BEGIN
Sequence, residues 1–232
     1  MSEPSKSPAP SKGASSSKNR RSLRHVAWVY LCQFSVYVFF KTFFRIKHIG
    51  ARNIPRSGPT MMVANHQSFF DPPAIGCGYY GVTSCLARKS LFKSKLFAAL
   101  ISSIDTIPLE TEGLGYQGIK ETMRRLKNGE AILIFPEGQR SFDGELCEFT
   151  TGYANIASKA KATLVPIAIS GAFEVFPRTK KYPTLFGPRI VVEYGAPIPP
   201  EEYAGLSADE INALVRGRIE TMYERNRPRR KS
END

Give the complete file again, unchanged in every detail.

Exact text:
Sequence, residues 1–232
     1  MSEPSKSPAP SKGASSSKNR RSLRHVAWVY LCQFSVYVFF KTFFRIKHIG
    51  ARNIPRSGPT MMVANHQSFF DPPAIGCGYY GVTSCLARKS LFKSKLFAAL
   101  ISSIDTIPLE TEGLGYQGIK ETMRRLKNGE AILIFPEGQR SFDGELCEFT
   151  TGYANIASKA KATLVPIAIS GAFEVFPRTK KYPTLFGPRI VVEYGAPIPP
   201  EEYAGLSADE INALVRGRIE TMYERNRPRR KS